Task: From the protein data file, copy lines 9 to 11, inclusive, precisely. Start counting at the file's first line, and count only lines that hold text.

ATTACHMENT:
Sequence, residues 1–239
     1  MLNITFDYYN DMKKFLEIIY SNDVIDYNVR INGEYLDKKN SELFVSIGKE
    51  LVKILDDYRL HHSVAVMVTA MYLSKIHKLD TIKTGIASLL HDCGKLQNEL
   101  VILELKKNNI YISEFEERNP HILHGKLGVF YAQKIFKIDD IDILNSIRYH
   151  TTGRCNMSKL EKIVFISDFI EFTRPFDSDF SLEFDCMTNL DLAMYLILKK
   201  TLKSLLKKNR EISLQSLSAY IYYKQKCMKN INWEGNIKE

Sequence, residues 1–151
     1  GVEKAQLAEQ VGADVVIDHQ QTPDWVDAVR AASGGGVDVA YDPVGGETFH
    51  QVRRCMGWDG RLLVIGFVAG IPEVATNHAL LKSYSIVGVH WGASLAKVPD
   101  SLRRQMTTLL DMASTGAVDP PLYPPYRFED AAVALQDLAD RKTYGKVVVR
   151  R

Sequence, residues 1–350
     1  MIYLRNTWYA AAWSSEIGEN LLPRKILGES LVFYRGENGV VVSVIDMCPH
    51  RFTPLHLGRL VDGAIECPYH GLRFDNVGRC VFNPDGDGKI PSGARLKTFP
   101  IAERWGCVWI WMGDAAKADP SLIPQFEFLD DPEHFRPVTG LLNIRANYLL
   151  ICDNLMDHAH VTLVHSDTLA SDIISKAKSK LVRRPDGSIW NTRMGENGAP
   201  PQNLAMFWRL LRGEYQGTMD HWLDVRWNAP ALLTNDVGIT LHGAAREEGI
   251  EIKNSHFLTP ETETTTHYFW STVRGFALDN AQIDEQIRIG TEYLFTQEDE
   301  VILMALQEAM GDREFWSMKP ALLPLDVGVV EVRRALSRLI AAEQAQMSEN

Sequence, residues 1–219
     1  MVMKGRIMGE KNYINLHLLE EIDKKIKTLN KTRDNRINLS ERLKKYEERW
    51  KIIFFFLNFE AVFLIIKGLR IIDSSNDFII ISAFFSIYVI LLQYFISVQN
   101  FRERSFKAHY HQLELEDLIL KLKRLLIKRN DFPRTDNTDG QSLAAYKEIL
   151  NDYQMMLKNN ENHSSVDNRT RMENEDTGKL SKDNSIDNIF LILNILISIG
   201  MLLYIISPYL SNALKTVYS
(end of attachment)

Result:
    51  QVRRCMGWDG RLLVIGFVAG IPEVATNHAL LKSYSIVGVH WGASLAKVPD
   101  SLRRQMTTLL DMASTGAVDP PLYPPYRFED AAVALQDLAD RKTYGKVVVR
   151  R